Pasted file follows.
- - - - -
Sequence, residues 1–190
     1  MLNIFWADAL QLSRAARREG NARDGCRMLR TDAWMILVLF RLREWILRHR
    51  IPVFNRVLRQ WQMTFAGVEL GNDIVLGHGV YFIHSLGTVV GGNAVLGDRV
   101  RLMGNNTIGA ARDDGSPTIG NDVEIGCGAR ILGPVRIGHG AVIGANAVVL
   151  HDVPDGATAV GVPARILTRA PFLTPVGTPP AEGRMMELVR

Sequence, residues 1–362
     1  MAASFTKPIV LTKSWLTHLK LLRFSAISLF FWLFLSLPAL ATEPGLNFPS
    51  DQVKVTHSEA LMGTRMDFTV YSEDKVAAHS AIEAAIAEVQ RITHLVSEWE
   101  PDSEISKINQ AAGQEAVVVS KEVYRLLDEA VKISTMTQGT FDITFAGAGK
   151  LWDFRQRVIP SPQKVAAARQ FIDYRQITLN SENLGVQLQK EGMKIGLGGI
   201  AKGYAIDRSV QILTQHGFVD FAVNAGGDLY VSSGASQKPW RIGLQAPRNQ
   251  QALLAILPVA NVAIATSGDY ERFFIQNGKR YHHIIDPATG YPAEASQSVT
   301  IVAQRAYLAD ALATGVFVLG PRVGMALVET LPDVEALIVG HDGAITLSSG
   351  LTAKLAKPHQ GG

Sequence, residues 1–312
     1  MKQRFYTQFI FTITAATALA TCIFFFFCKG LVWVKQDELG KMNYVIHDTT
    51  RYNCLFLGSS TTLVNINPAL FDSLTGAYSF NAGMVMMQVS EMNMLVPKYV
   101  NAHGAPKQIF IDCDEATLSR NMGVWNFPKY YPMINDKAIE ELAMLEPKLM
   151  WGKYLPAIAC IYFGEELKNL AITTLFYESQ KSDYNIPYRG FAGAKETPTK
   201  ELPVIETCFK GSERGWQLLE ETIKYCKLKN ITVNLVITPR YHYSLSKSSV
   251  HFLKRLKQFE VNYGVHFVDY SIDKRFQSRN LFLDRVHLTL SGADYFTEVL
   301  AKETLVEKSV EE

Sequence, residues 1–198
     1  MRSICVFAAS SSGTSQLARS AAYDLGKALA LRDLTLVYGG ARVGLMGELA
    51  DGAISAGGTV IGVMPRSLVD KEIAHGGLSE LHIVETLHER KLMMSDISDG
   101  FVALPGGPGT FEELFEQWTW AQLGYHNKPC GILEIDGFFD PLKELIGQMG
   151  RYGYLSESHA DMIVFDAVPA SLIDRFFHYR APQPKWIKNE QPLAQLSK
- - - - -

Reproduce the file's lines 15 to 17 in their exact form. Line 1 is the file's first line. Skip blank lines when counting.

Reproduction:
Sequence, residues 1–312
     1  MKQRFYTQFI FTITAATALA TCIFFFFCKG LVWVKQDELG KMNYVIHDTT
    51  RYNCLFLGSS TTLVNINPAL FDSLTGAYSF NAGMVMMQVS EMNMLVPKYV